if ($salt{0}!='$') return crypt($password, $salt);
 if ($tmp[1]!='sha1') return crypt($password, $salt);
 if (strlen($saltstr) != 10) return crypt($password, $salt);
 return '$sha1$'.$saltstr.'$'.$encrypt;
// without salt, sha1crypt() will generate on
echo $pass."\n";
// pass directly password as salt - different output as password is not the same
echo sha1crypt('foobarbaz',$pass)."\n";
// same password - same output
echo sha1crypt('foobar',$pass)."\n";
// Encrypt using MD5 passwords
echo sha1crypt('foobar','$1$blahblahg$')."\n";
will output:
My sha1-encrypted passwords are 45 characters long.
Remember to read that too before using SHA1 passwords too :

bjorninges dot spam

Note to topace's code: you should not use $_POST['password'] directly in your query as you are open to sql-injects.
Use the quote_smart() function from before adding user-submitted data to the query


It is likely that the php version of crypt() interfaces relatively directly with the C-library crypt() function, usually contained in libcrypt.  
Depending on your implementation and the default salt, you may or may not get the same crypt'd password out of eight characters as you would a longer string starting with those same eight characters.
See crypt(3) on your system for more documentation on how it works based on different encryption types.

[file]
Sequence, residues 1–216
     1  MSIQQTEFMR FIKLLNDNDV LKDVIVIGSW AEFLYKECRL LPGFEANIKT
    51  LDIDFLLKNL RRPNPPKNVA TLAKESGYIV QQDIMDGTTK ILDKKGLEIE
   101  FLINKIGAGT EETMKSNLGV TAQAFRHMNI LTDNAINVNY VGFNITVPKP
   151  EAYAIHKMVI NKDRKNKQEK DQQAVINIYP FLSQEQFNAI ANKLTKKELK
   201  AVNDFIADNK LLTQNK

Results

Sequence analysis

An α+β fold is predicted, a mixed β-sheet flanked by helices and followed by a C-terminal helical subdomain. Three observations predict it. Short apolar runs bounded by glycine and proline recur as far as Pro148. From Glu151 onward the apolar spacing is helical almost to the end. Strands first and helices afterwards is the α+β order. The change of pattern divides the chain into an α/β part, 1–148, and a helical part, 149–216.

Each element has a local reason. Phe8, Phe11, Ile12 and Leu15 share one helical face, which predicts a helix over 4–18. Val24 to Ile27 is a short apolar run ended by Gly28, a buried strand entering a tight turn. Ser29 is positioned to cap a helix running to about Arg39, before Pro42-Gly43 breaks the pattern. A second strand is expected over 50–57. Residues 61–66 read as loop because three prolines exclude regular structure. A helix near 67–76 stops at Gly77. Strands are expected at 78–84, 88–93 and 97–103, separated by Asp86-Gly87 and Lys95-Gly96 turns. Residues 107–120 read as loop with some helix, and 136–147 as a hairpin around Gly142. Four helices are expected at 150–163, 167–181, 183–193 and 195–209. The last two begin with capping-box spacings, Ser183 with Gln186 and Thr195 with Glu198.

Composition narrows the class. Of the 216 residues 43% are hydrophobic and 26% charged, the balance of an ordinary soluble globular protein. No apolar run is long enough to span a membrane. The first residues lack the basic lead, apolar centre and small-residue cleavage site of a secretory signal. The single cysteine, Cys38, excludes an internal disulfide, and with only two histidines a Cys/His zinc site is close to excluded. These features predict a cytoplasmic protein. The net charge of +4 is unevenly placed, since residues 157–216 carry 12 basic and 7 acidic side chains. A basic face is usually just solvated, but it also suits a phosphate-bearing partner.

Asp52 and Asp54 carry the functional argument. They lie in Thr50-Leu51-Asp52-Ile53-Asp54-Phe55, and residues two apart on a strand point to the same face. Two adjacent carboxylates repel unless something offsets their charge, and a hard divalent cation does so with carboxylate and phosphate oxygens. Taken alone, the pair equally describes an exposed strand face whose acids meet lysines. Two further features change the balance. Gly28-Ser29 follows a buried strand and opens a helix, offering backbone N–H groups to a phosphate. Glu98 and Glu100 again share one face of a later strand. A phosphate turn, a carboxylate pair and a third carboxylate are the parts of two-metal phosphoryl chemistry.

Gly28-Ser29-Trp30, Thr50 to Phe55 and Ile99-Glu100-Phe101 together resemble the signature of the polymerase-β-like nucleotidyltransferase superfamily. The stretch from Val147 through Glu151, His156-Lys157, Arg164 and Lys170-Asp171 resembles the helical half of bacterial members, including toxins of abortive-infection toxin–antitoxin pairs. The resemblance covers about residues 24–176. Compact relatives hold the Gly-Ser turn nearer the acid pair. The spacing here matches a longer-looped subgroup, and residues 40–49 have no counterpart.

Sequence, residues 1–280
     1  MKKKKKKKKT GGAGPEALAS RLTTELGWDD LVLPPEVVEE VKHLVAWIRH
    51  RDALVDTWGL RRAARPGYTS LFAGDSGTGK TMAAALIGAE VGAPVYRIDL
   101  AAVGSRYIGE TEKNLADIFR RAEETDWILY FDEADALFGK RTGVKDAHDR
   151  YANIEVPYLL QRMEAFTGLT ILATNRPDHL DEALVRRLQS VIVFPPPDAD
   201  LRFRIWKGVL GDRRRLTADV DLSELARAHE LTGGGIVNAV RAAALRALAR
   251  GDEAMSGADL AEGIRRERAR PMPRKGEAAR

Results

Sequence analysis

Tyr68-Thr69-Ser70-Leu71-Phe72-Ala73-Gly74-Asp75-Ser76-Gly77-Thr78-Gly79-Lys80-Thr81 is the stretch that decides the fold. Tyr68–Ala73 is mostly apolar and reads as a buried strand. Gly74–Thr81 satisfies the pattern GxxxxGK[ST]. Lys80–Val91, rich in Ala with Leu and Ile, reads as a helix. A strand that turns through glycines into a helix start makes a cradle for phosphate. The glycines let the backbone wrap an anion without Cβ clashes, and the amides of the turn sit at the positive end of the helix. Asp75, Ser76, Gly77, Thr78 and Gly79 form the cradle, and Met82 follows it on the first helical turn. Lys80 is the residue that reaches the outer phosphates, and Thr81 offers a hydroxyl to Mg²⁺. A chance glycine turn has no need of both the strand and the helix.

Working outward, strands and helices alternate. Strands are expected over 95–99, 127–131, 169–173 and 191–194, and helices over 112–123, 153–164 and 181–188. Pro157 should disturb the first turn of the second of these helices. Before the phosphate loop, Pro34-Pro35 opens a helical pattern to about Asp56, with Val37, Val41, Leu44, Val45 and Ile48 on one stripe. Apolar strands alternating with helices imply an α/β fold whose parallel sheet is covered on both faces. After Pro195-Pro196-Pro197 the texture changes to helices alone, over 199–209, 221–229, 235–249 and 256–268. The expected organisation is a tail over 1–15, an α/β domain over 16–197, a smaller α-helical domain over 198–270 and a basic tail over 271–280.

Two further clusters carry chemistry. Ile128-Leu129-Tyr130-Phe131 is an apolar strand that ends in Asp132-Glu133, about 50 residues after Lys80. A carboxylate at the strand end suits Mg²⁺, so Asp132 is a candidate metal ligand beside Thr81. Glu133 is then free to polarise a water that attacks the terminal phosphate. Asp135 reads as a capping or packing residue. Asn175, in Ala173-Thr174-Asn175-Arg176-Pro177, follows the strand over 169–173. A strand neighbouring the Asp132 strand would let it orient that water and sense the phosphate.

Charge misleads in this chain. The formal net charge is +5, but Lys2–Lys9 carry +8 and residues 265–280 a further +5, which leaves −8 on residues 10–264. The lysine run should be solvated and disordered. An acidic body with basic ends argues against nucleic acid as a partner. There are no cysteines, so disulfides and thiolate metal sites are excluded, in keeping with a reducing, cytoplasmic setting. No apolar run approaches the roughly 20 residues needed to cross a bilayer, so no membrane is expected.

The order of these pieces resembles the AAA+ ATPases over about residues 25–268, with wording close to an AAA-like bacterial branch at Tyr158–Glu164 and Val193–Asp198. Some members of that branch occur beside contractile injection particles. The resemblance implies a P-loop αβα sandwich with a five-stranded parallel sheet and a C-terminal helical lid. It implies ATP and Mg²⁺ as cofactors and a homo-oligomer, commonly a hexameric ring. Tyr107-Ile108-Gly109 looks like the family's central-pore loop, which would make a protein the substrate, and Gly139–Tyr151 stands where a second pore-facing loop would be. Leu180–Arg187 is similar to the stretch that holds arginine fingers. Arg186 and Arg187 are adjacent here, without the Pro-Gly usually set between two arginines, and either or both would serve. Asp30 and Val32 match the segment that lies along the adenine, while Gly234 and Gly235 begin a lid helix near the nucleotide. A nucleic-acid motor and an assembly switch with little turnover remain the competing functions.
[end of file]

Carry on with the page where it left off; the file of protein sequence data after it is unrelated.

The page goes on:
I'll take the example from above and take a situation that I've ecountered and show you something that puts this function in a dark shadow of insecurity:
$password = crypt('postal2600','CyberBoard');
if (crypt('postal26??', $password) == $password) {
  echo "Password verified!";
Instad of ?? you can put anything an see that allway the password will be verified. So i strongly recomand that the md5 function should be used instead.


I had problems with ENCRYPT MySQL function when i tried to compare with the encrypted password (with ENCRYPT).
Another solution i read from "UNIX Advanced programming" where i found about the UNIX system call "crypt()":
Password="tB" //The two first letters of encrypted password
SELECT password from users where Password=ENCRYPT('".$_POST['password']."',Password)
mysql> select password from users where password=encrypt('pasword','tB');
| password      |
| tBY8OVuabSiTU |
1 row in set (0.01 sec)
> topace at lightbox dot org
> 22-Sep-2005 06:34
> To authenticate against a stored crypt in MySQL, simply use:
> SELECT ................
>           AND Password=ENCRYPT('".$_POST['password']."',Password)


I found out that you can use php:s crypt function to change  the user/root password in Linux distributions (at least in Slackware).
You just have to change the encrypted password for the user in the /etc/shadow file with the output from crypt("newpassword");


I discovered in the script stated before, when using a salt string the passwords length cannot be longer than 8 characters. However, when not using a salt string, it can exceded that limit.